When Erkina Jeenbekova was in her early twenties, she observed that the government of her native Kyrgyz Republic wasn’t responding to the concerns and needs of the country’s youth, who make up a third of the population in what is still a very traditional culture.
“Young people are the main resource for sustainable and stable development of the Kyrgyz Republic and a serious attitude toward youth will shape the future development of society and the state,” she said.
Over the last decade, young civic activists have been working to gradually overcome this and are slowly emerging as a coherent voice for democratic change. Many young people demanded change by going out onto the streets and participating in protests during the country’s two revolutions. Erkina saw there was a need for young people to develop into leaders, equipped with the right skills to become effective participants in civil society, in order to create change.
“The role of young activists and increasing their capacity to protect and promote human rights are priorities for the development of a democratic society,” she said.
In 2007, Erkina started working at the Youth Human Rights Group (YHRG), a NED grantee promoting youth participation in the process of democratic transition by conducting advocacy and awareness campaigns, producing short films, and organizing a national youth forum in Bishkek.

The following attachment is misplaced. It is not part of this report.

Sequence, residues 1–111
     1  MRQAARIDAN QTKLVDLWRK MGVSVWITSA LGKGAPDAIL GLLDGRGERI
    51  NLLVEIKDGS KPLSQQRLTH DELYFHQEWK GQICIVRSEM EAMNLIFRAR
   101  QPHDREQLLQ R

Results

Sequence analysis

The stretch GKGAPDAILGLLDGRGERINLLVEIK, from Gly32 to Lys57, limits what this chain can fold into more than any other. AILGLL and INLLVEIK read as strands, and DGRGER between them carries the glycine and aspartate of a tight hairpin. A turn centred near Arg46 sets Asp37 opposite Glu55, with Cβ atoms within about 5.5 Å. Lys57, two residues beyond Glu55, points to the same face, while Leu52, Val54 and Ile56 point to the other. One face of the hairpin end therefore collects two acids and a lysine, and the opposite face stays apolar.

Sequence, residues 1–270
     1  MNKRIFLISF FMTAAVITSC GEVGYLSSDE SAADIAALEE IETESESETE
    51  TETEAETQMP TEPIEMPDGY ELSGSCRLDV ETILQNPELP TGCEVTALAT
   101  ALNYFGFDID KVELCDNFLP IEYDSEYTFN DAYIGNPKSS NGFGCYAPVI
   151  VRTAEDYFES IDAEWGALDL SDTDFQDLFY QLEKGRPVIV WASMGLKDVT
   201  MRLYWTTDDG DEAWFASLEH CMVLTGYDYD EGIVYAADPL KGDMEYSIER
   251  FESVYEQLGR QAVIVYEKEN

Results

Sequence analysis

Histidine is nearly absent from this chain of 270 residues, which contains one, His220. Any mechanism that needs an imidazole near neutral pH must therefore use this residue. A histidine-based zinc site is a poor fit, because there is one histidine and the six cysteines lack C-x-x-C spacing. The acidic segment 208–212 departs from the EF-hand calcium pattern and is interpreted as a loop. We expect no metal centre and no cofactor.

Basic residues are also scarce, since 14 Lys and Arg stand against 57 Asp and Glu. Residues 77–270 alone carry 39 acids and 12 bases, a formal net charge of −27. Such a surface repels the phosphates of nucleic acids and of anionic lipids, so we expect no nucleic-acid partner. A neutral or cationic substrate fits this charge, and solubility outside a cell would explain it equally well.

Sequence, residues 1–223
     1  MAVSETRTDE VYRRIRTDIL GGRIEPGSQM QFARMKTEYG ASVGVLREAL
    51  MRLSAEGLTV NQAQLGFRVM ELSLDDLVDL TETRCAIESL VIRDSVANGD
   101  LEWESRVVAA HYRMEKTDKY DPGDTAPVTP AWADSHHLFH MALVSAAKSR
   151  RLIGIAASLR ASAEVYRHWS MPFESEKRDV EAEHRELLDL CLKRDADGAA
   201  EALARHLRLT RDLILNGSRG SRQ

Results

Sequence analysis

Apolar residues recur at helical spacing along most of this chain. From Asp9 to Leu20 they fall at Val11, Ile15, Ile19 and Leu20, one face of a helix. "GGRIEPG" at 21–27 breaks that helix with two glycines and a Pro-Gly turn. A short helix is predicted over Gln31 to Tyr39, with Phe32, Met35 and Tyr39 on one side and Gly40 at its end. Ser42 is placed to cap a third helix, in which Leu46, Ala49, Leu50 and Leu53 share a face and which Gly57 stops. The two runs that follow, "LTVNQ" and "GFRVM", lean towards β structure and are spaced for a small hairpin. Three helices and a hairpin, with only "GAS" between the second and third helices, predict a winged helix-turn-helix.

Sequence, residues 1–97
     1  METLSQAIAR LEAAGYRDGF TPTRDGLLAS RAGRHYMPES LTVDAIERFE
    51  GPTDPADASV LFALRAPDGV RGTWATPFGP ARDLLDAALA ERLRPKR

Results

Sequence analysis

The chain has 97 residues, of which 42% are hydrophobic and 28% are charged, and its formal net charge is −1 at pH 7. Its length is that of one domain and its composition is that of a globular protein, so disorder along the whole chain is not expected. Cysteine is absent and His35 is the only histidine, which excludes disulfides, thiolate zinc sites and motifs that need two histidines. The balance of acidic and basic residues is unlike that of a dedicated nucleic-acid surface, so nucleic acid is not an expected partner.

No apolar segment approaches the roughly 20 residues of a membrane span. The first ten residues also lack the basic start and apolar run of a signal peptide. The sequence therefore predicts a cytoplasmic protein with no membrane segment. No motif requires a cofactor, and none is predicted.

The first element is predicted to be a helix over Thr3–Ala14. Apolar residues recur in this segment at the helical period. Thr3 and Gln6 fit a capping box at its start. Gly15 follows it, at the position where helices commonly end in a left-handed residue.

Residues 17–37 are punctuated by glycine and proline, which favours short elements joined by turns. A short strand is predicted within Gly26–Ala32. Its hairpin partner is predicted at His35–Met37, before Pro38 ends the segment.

The organization believes in incremental change and doesn’t rely on direct action and protests to guide change in the country. The intentional programming of the YHRG is led by Executive Director Nadira Eshmatova, who was a NED Reagan-Fascell Fellow in 2013.
By 2008, Erkina was coordinating the YHRG youth initiative group in Naryn, a remote region in the Kyrgyz Republic. One of seven throughout the country, the group in Naryn was instrumental in fighting against corruption in the educational system. Under Erkina’s leadership, the group established the first independent student union to be registered at the university in Naryn.
“The role of young activists and increasing their capacity to protect and promote human rights are priorities for the development of a democratic society…”
Deepening her interest in youth engagement and activism, she has published articles on students’ rights at universities and has assisted with research on youth participation in decision-making processes.
Now, at age 26, Erkina’s vision is to promote and protect the interests and rights of youth, she said, and to help shape their values in the spirit of democracy, human rights principles, inter-ethnic tolerance, and cultural diversity.
Since its April 2010 revolution, the Kygyz Republic has undergone important constitutional reforms and held parliamentary, presidential and local elections that, for the most part, were conducted in accordance with international standards. In the Central Asia Region, the Kyrgyz Republic has the greatest potential to emerge as a strong democratic country and it will achieve this goal through the continued dedication and hard work of young leaders like Erkina.
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